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story.lead_photo.caption Chris Gunter, the new football coach at Beebe High School, stands at the fence inside “Bro” Erwin Stadium. Gunter, a 2003 graduate of Beebe, was hired to replace John Shannon during the Jan. 21 school-board meeting. - Photo by Staci Vandagriff

BEEBE — New Beebe Badgers football coach Chris Gunter looks forward to the opportunity to lead his alma mater.

Gunter, 33, a 2003 graduate of Beebe High School, was officially hired Jan. 21 by the Beebe School Board to replace John Shannon, who resigned following his 11th season.

Gunter has been the offensive coordinator at Alma High School the previous seven seasons.

“I think it is something that is unique that a lot of people don’t get,” Gunter said about his new position. “I’m grateful, and I don’t take this responsibility lightly.”

“I just think it’s a pretty special deal. I’m honored because it is a good job, and it’s a place where the community is hungry, and they are ready to jump on board.”

Beebe Superintendent Chris Nail said he is excited to have Gunter as the new football coach.

“I feel that he will build a winning culture through his enthusiasm and excitement,” Nail said. “We are excited to have him be a part of the Beebe School District. We look forward to having him lead the Badgers.”

Gunter attended junior high and high school in Beebe. He then played football at Arkansas Tech University in Russellville for former head coach Steve Mullins.

“These were some of the best years of my life,” Gunter said. “I learned some valuable lessons that I still use today.”

After finishing his playing career, Gunter served as a graduate assistant for two seasons for Mullins.

“I got to hone in on some coaching skills,” Gunter said. “That is when I had my big break to get in the door at the NCAA Division I level.”

Gunter started working as an assistant at the University of Tulsa under head coach Todd Graham. He worked with offensive coordinators Herb Hand, who is now the offensive coordinator at the University of Texas, and Chad Morris, the current head coach at the University of Arkansas.

“It was awesome,” Gunter said. “It was a really valuable lesson to me. The second year, I worked with Chad Morris. I learned a lot of good ball, and I was around a lot of good men of character.”

In 2010, Gunter left college football and served as an assistant coach for Jeff Conaway at Greene County Tech in Paragould for two seasons. The last seven seasons, Gunter worked at Alma.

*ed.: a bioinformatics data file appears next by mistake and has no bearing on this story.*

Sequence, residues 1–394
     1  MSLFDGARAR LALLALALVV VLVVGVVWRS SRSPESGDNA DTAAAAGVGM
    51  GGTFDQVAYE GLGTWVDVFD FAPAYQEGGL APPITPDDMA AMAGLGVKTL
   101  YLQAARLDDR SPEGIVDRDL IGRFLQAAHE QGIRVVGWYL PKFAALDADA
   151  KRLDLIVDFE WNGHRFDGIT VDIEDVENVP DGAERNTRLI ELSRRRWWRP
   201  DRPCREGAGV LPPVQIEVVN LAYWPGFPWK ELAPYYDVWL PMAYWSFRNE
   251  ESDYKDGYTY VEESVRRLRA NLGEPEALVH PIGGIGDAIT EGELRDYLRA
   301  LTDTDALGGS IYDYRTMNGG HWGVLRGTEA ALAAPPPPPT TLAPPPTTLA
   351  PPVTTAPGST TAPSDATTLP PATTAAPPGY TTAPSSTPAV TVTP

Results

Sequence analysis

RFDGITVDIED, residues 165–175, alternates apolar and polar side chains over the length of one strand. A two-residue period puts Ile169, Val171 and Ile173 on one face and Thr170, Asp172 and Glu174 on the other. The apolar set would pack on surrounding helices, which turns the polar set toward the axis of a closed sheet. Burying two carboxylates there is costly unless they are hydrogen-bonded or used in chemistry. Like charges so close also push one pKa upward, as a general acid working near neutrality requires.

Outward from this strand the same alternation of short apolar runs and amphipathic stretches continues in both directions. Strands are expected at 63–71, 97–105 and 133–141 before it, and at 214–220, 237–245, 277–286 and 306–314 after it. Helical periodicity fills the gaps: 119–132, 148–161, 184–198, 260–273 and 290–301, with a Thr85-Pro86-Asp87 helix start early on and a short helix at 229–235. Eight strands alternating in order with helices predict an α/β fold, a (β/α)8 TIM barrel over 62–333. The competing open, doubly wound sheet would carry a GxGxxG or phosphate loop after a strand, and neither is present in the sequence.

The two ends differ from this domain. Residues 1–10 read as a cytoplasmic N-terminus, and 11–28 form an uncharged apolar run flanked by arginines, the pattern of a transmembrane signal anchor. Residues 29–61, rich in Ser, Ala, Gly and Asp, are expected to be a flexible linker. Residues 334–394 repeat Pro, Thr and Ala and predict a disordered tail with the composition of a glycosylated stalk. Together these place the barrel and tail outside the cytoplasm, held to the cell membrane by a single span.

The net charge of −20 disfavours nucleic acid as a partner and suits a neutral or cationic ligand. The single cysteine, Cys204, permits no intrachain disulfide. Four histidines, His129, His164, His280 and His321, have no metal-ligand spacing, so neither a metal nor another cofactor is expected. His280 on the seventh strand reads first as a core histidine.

“I feel like God helped me spend those years to prepare me for this chapter of my life,” Gunter said.

For the past 11 seasons under Shannon, the Badgers ran a Dead T offense, running the ball a majority of the time. Gunter will implement what he calls a multiple formation offense.

“We’re going to do a lot,” he said. “We’re going to thrive on running basic, rudimentary schemes out of many different presentations and formation shifts. I don’t have to confuse the defensive coordinator on the other side of the field. I’ve just got to confuse the 16- and 17-year-old kids on the field.

“We’ll be one-back, two-back, and we’ll add a tight end, and we’ll move a tight end around on the field.”

Gunter credits Hand and Morris for the offense he runs.

“They believe in trying to beat a team pre-snap,” Gunter said. “A lot of what you see on Saturdays is what we’re doing. That’s the great thing. The kids take pride in what we do.”

Gunter thinks this will be a good way to get students interested in playing football.

“We call most of the stuff the same thing that those coaches do,” Gunter said of Morris and Hand. “I think it’s neat for our kids, and I can use it as a recruiting tool to get in the hallway and get those kids, who may have played once and quit or are whining about coming back out.”

After being hired at Beebe, Gunter has been making his way around the community, making contact with as many people — including citizens, fans, business owners and community leaders — as he can.

“When I was first contacted about this job, I started doing a little homework on it,” he said. “I started talking to businesses and people in the community. The thought was that there was some neglect in the relationship between the coaching staff and the community.”

Gunter said there is “untapped” potential for support in Beebe for the football program.

“When I was in school on Friday nights, football was a communitywide event,” he said. “Just at some point in the past decade and a half, we just lost touch with that. I want to get as many people in the boat as possible.”

Gunter said he’s a fan of current University of Minnesota football coach P.J. Fleck, whose mantra is “row the boat.”

“I want to get as many people in that boat as possible,” Gunter said. “I want to get community members, administrators. I want former players, as many as possible. This will create a sense that this is a shareholder’s-type process and that they’ve got a foot to stand on within our program.”

Gunter and his wife, Courtney, who is a school counselor at Alma, have two children. Their daughter, Collins, is 7, and son Calloway is 3.

“Courtney is my biggest fan and advocate,” Gunter said. “[She and the kids] are going to stay and finish out the semester in Alma. That will be tough, but I feel like God has used me in this ministry. He’s ordered our steps. They can’t wait to get down here. They are excited.”

Staff writer Mark Buffalo can be reached at (501) 399-3676 or


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